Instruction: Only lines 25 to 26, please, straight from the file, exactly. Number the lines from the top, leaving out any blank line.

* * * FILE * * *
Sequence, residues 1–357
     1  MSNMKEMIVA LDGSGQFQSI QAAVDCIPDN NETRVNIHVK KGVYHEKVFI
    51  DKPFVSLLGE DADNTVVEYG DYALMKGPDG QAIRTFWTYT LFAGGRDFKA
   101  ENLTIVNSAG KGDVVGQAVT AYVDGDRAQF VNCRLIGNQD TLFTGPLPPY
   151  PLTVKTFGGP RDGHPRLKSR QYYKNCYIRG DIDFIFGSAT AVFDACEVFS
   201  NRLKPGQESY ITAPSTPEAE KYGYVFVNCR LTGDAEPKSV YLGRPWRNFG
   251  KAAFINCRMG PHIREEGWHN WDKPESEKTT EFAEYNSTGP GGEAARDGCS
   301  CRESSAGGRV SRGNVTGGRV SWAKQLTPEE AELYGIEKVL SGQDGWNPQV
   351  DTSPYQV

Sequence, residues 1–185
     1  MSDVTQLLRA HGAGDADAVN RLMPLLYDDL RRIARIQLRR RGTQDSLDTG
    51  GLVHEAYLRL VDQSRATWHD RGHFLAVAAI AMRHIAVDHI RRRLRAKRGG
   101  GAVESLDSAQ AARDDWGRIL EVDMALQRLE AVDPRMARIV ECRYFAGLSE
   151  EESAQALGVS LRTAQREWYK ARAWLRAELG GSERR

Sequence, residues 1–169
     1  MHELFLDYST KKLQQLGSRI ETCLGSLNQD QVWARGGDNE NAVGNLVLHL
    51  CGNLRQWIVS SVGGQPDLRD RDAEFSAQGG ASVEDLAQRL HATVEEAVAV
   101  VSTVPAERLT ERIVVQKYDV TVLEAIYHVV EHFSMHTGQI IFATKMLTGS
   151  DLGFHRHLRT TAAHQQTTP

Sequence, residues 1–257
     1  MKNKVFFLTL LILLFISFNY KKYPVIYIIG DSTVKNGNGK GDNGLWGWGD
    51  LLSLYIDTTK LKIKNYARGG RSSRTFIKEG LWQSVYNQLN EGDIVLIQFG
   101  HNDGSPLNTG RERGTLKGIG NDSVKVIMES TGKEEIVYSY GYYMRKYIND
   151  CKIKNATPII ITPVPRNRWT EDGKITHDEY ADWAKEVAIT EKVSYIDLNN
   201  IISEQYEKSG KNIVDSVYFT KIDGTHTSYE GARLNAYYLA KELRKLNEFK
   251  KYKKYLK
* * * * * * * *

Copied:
   201  IISEQYEKSG KNIVDSVYFT KIDGTHTSYE GARLNAYYLA KELRKLNEFK
   251  KYKKYLK